Australasian Plant Pathology

, Volume 35, Issue 4, pp 427–433 | Cite as

Quambalaria leaf and shoot blight on Eucalyptus nitens in South Africa

  • J. RouxEmail author
  • Z. L. Mthalane
  • Z. W. de Beer
  • B. Eisenberg
  • M. J. Wingfield


Quambalaria spp. cause leaf and shoot dieback diseases on young Eucalyptus trees in Australia, Thailand, South America and South Africa. The disease was first recorded in South Africa in the early 1990s but has been restricted to nurseries in the subtropical north-east coastal area of the country, without resulting in great effect. Recent disease surveys in the Mpumalanga Province of South Africa have revealed extensive shoot and leaf dieback, as well as stem cankers on 1-year-old E. nitens trees. Some symptoms of the disease resembled Quambalaria leaf and shoot blight. However, this was the first time it had occurred on the stems of larger trees, on E. nitens or in the cold temperate region of the country. The aim of this study was to identify the causal agent of the disease and to test different Eucalyptus spp. and clones of relevance to the South African forestry industry for their susceptibility to the pathogen. Comparisons of DNA sequence data for the ITS and 5.8S regions were used to identify the fungus. Results showed that the pathogen represented Q. eucalypti. Inoculation trials showed that all the material tested was susceptible to infection by Q. eucalypti. This study shows that Q. eucalypti has become elevated from a relatively minor nursery pathogen to one that can cause significant damage on a wide range of Eucalyptus spp. in both temperate and sub-tropical areas of South Africa.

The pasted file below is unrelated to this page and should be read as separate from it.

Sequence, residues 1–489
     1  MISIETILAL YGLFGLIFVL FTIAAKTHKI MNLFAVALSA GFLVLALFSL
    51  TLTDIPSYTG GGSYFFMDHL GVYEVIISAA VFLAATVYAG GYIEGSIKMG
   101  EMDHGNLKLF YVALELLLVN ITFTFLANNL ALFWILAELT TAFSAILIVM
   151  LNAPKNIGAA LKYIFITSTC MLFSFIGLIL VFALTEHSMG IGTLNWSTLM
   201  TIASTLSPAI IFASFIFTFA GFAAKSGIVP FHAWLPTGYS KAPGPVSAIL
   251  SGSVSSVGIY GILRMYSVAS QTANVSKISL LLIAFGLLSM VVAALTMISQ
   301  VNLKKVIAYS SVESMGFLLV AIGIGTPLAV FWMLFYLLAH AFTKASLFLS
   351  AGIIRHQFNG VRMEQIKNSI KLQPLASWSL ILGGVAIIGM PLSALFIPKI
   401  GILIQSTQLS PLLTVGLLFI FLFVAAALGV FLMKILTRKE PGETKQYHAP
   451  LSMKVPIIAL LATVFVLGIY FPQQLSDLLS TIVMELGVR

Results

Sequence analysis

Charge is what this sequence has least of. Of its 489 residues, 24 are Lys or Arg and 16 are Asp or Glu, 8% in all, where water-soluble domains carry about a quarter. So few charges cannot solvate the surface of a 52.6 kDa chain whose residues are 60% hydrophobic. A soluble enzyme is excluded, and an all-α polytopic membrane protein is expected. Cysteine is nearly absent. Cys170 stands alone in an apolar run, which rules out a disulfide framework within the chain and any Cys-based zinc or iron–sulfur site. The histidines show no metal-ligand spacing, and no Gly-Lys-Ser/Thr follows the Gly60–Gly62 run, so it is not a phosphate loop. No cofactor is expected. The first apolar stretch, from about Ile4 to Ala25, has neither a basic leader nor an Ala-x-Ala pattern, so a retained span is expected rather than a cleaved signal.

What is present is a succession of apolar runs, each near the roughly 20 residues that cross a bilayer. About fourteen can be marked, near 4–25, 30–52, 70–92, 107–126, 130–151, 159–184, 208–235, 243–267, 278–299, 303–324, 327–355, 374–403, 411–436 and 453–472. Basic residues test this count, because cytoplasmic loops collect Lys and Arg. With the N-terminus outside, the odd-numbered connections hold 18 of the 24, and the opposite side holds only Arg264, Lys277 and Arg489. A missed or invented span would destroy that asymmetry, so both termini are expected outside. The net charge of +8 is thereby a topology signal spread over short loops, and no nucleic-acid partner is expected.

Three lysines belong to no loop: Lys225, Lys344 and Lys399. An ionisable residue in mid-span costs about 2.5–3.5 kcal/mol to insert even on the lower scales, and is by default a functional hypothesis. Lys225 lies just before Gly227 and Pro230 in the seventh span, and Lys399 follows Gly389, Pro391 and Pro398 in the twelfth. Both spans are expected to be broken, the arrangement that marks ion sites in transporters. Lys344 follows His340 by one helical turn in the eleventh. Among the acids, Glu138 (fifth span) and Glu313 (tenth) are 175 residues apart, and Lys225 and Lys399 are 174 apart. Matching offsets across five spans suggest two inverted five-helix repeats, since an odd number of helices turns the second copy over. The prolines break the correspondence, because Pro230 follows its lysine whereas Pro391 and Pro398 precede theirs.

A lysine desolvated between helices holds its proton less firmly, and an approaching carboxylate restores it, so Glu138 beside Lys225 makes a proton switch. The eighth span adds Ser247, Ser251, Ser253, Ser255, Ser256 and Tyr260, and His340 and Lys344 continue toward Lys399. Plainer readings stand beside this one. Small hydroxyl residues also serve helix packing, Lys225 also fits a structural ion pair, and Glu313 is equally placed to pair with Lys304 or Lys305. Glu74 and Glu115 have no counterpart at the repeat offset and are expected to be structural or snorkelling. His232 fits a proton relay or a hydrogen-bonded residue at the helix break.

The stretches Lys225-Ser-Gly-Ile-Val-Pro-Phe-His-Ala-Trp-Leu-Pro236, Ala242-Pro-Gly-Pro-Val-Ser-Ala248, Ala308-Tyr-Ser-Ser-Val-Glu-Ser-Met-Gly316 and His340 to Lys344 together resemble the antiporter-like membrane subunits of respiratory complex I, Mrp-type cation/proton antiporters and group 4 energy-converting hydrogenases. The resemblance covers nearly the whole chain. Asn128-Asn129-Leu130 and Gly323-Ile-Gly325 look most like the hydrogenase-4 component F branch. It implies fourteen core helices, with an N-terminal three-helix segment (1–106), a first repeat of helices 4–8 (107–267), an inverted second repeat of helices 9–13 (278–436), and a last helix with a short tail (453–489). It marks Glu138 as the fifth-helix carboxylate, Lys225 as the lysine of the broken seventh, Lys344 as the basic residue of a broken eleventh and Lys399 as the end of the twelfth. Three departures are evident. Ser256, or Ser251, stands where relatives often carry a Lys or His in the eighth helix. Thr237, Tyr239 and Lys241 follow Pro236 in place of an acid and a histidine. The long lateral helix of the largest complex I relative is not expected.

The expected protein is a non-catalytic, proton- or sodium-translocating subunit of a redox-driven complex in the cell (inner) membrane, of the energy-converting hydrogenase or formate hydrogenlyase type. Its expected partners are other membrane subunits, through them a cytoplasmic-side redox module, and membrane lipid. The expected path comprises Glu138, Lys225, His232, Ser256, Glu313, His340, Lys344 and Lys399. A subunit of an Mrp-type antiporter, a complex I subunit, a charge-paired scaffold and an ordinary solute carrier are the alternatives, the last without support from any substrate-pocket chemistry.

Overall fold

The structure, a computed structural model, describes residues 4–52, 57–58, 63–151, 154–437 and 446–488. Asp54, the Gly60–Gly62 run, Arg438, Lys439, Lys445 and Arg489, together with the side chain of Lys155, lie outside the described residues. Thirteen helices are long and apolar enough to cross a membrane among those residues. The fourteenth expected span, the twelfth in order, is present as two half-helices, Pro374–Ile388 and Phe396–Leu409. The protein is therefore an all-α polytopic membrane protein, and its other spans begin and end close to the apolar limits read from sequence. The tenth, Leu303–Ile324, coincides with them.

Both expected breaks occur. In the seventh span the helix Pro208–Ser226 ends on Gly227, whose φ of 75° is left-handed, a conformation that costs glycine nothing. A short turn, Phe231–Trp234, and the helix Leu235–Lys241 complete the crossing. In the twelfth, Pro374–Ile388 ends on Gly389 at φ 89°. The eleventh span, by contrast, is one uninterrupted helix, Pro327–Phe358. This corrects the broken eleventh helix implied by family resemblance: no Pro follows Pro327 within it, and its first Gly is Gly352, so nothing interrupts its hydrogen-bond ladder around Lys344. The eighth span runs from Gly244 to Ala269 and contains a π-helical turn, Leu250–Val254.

Additional keywords

plantation forestry selection 


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Copyright information

© Australasian Plant Pathology Society 2006

Authors and Affiliations

  • J. Roux
    • 1
    Email author
  • Z. L. Mthalane
    • 1
  • Z. W. de Beer
    • 1
  • B. Eisenberg
    • 1
  • M. J. Wingfield
    • 1
  1. 1.Department of Microbiology and Plant Pathology, Tree Protection Co-operative Programme (TPCP), Forestry and Agricultural Biotechnology Institute (FABI)University of PretoriaPretoriaSouth Africa

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